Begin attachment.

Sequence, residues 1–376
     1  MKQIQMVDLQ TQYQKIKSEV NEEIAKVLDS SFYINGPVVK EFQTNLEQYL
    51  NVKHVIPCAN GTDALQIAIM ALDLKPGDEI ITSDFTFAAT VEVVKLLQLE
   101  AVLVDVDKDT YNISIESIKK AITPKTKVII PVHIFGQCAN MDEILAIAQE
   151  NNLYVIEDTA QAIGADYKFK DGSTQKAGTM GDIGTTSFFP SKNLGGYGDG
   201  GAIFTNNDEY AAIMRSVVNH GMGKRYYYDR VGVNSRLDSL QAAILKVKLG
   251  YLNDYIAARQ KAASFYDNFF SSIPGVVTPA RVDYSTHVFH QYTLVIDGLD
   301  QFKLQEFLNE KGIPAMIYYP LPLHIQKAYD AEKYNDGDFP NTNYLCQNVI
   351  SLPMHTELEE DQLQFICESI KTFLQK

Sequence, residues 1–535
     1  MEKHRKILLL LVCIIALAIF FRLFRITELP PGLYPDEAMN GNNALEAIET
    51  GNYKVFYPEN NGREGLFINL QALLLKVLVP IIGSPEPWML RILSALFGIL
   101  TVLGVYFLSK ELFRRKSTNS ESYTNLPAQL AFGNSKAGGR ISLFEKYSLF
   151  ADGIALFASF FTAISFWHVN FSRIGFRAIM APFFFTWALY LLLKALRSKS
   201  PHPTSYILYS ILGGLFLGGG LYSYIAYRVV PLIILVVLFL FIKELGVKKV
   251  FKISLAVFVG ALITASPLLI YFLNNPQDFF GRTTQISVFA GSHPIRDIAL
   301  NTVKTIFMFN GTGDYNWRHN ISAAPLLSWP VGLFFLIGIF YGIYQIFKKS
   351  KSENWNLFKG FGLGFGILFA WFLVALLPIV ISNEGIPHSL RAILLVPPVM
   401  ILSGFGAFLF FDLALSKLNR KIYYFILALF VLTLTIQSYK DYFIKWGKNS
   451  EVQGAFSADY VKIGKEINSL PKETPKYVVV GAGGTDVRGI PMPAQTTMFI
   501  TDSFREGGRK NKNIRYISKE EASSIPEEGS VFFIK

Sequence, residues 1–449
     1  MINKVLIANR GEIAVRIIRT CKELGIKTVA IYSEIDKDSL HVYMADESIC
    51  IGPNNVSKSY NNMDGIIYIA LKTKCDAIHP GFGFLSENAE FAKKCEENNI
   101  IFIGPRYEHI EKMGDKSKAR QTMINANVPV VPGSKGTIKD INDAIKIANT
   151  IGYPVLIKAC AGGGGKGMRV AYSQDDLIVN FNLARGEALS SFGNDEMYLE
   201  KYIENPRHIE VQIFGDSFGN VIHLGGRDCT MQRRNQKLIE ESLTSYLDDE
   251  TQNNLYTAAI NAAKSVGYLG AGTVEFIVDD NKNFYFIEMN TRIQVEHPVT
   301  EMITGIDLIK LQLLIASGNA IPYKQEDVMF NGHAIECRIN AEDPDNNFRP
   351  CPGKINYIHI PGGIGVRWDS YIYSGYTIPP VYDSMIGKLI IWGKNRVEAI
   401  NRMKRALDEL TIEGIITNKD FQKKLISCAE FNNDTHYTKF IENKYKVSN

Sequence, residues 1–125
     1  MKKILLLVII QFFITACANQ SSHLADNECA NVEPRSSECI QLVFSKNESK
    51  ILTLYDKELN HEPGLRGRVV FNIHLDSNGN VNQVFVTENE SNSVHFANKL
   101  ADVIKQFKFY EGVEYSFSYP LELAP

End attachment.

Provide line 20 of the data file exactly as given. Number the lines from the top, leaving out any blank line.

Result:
   451  EVQGAFSADY VKIGKEINSL PKETPKYVVV GAGGTDVRGI PMPAQTTMFI